Love, Light, Lemon!

Dutch Still Life, lemon painting, rose painting, still life painting

Lately wherever I go and whatever I do the Dutch Still Life is following my art journey. Two weeks ago we started studying Dutch Art in my Art History class. Week ago I went to the Legion of Honor museum in San Francisco to see Dutch private collection. And last week my husband and I were traveling to Washington, DC and happen to come to the Smithsonian Art Museum; and, guess what, we crashed into a Dutch Still Life there, surprise! I can look at the still lives painted by old masters forever and ever and never get tired of them. The professionalism, the symbolism, the details! Incredible!
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The still life that you see in this post has it’s story as are all paintings (usually). The coffee pot was brought by my extended family Great Grandpa from Poland when immigrating to America in the beginning of 20th Century. The G-Grandpa is long time gone; but the coffee pot is in our family. One day I was sitting in my studio and winter sun hit the old table with the cup of coffee on it. The light was so sudden and so inspiring that I’ve grabbed what we had in the kitchen and dining room and started setting up a still life before the sun beam disappears. Lemon, Rose and Grandpa’s coffee pot won the prize.
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The dark background reminds me Dutch Still Life style. I didn’t think about symbols when setting it up, we can just have a brainstorm and come up with many. I named this still life painting Love, Light, Lemon! as it seemed to be very poetic and implies some kind of song.
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20″x16″ Watercolor on 300 lb Cold Pressed Arches, Winsor & Newton Watercolor

In Every Piece Of My Art
There Is A Piece Of My Heart And A Sparkle Of My Soul

13 thoughts on “Love, Light, Lemon!

  1. Amazing how you can capture the Dutch still life atmosphere in a watercolor! It is really beautiful, and I love the history of the coffeepot.

  2. I love those moments too, when the light beams in and illuminates something just right to make it suddenly seem magical. I never was able to capture that moment on film or canvas or paper. You've done it so beautifully! Great painting!

  3. Hi, Irina,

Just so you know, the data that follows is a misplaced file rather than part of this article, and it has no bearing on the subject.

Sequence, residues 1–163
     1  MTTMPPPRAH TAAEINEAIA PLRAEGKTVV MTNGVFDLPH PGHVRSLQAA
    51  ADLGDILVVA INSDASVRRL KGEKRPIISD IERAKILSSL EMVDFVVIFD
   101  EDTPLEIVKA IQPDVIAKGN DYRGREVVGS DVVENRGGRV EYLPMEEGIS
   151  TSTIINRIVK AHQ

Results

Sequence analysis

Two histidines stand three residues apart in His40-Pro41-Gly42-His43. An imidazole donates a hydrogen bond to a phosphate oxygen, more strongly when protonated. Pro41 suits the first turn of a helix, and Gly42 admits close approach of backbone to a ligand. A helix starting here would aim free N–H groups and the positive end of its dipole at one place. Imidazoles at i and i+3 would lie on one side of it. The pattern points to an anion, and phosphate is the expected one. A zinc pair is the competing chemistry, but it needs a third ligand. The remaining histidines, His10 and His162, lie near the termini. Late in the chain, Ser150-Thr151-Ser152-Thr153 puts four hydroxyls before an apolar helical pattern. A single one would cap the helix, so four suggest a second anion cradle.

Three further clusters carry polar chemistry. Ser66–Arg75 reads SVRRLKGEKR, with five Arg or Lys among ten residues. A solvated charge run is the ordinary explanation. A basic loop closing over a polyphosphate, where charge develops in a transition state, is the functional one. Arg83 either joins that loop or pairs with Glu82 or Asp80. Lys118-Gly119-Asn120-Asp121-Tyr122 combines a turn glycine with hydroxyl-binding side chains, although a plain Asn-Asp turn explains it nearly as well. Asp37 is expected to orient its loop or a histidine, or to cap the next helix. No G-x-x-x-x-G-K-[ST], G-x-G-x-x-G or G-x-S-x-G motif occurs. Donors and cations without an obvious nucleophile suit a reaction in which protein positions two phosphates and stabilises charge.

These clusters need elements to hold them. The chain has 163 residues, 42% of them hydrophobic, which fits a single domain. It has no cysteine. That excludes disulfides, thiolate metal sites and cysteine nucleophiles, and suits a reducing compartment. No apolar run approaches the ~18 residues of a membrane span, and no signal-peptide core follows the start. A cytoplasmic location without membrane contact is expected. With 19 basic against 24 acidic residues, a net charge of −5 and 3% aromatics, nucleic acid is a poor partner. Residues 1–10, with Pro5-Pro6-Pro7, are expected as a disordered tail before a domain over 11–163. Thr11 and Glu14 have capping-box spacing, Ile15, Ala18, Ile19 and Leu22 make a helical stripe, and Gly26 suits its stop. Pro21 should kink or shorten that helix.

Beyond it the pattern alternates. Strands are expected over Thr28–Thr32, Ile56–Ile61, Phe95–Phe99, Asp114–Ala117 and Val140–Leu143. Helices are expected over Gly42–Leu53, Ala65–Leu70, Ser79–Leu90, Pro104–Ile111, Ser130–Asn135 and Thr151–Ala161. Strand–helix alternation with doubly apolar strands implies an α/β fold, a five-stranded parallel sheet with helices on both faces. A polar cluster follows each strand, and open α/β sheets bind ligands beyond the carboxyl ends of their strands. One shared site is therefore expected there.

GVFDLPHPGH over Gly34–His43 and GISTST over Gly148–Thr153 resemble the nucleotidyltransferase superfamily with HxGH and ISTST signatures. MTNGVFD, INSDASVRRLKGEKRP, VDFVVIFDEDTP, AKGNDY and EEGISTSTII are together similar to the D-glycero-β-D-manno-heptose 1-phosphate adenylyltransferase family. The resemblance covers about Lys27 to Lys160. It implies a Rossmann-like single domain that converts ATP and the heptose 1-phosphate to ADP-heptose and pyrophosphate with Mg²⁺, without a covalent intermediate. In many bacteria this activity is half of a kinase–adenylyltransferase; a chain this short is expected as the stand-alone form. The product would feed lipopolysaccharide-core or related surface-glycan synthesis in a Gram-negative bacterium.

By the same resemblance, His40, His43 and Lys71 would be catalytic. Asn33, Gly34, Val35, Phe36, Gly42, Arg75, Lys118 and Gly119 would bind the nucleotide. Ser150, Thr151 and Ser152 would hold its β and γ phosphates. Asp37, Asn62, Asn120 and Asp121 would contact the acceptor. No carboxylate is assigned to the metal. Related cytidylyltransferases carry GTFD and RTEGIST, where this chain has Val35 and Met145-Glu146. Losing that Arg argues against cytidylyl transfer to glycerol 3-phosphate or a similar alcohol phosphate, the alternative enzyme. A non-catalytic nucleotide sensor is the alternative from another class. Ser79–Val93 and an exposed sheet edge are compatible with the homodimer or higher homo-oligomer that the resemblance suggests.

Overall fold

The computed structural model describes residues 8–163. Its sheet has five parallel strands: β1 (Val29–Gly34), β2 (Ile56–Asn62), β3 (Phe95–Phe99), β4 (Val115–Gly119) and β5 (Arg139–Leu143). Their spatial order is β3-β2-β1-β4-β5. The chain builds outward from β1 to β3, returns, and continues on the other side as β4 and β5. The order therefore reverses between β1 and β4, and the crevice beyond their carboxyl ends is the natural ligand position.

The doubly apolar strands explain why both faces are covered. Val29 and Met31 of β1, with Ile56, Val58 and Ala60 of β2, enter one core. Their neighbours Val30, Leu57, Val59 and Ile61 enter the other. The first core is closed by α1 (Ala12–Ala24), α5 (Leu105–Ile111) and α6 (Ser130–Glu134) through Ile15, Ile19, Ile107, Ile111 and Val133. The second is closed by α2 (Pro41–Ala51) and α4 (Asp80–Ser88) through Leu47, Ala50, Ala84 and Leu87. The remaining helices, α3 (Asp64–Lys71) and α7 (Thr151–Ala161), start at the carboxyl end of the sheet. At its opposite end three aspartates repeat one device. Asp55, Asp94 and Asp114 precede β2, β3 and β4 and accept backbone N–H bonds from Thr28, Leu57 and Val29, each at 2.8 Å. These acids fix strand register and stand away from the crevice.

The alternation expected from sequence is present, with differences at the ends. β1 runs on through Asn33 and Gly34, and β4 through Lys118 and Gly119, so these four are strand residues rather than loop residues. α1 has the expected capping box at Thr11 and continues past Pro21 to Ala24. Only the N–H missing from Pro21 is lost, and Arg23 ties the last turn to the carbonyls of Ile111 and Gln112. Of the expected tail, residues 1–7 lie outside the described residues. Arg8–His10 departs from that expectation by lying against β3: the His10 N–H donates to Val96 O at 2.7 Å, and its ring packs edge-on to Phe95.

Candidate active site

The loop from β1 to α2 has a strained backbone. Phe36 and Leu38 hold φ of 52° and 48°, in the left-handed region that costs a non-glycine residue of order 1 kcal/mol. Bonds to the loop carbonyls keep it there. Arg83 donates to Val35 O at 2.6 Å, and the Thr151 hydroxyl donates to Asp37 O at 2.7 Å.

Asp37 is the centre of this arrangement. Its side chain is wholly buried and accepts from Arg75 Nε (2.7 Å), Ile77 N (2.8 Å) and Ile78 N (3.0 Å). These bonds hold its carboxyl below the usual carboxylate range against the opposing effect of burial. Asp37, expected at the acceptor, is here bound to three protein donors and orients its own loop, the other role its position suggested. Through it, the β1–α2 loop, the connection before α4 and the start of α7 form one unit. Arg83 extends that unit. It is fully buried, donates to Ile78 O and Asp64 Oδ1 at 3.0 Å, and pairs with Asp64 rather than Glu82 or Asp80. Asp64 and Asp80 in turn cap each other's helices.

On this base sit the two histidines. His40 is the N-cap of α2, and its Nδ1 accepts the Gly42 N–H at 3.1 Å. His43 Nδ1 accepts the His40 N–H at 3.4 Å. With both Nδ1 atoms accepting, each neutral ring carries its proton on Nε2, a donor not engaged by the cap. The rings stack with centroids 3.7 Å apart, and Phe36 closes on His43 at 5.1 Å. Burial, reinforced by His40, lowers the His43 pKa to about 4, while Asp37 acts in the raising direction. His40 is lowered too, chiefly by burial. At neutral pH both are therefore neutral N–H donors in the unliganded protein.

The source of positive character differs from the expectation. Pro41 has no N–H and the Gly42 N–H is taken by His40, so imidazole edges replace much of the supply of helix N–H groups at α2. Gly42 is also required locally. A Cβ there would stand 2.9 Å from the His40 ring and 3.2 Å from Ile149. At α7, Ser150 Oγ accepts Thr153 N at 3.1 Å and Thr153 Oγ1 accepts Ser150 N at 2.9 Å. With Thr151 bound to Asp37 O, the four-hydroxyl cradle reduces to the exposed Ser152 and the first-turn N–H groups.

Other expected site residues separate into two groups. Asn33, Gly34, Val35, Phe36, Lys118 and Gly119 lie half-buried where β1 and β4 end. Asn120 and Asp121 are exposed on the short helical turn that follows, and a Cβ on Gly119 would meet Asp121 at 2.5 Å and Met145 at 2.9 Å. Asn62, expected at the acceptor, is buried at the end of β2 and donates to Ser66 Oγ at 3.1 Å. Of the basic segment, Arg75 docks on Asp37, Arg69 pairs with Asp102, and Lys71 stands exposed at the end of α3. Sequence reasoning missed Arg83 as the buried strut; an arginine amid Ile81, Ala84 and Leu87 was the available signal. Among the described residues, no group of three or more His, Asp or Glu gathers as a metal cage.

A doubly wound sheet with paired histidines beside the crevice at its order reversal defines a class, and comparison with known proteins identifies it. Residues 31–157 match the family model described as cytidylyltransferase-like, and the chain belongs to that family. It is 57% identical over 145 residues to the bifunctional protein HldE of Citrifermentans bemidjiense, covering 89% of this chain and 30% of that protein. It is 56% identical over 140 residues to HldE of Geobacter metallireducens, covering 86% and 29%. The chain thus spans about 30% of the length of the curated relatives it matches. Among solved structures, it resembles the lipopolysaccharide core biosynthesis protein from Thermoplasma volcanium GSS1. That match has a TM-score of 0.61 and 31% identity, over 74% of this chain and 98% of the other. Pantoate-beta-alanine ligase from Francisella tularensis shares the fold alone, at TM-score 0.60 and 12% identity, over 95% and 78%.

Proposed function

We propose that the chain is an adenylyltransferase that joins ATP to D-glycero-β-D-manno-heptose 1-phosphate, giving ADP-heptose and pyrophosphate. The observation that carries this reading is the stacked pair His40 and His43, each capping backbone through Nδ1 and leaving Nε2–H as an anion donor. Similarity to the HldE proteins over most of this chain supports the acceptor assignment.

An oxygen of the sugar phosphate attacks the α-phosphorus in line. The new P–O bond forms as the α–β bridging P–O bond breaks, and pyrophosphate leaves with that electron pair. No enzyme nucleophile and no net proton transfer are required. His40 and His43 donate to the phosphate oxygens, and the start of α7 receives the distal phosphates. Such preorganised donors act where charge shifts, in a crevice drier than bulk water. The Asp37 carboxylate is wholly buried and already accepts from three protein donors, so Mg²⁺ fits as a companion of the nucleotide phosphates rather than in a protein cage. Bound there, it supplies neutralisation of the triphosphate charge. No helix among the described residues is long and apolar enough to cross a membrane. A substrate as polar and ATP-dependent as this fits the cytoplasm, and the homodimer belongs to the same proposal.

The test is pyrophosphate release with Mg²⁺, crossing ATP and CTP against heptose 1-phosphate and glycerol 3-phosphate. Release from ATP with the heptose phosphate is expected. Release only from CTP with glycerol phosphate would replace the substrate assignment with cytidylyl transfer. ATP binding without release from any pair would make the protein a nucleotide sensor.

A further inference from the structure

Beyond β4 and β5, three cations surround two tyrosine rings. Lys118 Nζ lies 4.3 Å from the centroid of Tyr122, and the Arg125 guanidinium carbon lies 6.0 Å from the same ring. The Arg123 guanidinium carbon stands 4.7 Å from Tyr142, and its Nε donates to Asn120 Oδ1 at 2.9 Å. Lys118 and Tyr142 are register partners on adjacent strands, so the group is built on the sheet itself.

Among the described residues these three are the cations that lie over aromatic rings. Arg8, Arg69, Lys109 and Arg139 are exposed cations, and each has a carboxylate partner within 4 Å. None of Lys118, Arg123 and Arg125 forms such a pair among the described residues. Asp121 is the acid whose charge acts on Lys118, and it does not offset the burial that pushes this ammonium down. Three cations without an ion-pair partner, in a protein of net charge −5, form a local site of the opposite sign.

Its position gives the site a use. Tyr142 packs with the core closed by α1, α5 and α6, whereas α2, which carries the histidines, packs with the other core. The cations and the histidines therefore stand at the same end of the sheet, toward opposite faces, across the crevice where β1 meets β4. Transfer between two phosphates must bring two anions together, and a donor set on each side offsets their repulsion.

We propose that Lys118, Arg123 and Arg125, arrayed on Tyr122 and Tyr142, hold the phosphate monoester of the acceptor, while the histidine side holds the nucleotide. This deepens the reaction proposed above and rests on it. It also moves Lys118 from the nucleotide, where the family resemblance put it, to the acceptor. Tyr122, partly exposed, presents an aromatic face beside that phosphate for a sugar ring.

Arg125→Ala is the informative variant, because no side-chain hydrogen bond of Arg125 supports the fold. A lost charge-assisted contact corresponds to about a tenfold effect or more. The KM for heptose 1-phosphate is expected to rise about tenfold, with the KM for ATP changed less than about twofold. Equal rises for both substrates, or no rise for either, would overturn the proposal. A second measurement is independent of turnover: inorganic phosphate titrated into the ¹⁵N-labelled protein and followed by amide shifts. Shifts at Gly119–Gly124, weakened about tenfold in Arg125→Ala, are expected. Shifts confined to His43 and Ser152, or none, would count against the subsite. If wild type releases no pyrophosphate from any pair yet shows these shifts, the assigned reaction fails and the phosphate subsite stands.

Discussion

Congrats! Your work is no less than the masters. Oh, what a lucky girl you are! You could see them with your eyes.
    Me, too, fell in love with Dutch old masters at primary school. I looked at their work hours after hours, years after years… Symbolism is very interesting. A bit like breaking codes, to get the meaning of a painting. Today, I've moved onto a different style, but like you, their work remains in my eyes and memory forever. Keep up your own style!
    Kind regards,Sadami

  4. You are an awesome artist, your work stunningly exquisite! I love the story of this piece; your grandpa would be very proud of you. Let me know when you write the song, in the meantime, the painting sings!

  5. The Dutch still life is fascinating to study isn't it. I had such fun exploring it while writing the book I did for my daughter. We got very carried away with the symbolism:) Do you know of the significance of a lemon?

    Your paiting has such a wonderful sense of light and the dark background really sets off the composition. Do you glaze to create your darks or mix on the paper?

    Ona

  6. The Dutch still life is such a fascinating subject to study isnt it. I had such fun re creating the style in the book I wrote for my daughter. We had such fun with the symbolism. I see you have a lemon… that has a large symbolic significance.

    I love the way you have captured the sense of light and the dark background really sets off the composition. Do you glaze to create your darks or mix on the paper?

    Ona

  7. I found several meanings of lemon in Old Masters Still Life paintings. Here are some of them:
    • lemon is a symbol of luxury which alienates man from God
    • a peeled lemon, as well as accompanying seafood was, like life, attractive to look at, but bitter to taste
    • Lemon is linked in Christian tradition to fidelity and, therefore, to the figure of the Virgin. In Abraham van Beyeren's time, the lemon was an imported fruit, thus connoting luxury.
    • lemon may be seen as a symbol of time passing
    • Half-peeled Lemon stands for casual excess, and so serves as a call for moderation, warning that life is not only sweet, but sour as well.

    I’ve even found a very interesting web site where you can play with the symbols on a Dutch Still Life base background and make your own still life:
    http://in-still-life.com/index.php

  8. Hi Ona,

    For darks of the background I made a very big puddle of paint on my palette out of ultramarine, pains grey, purple and hookers green. And I had to place a several washes before achieving a right consistency on a paper. Like they say the watercolor dries loosing 40% of intensity. Sometimes you are just not accounting for it and that leads to a number of washes.
    Thank you,
    Irina

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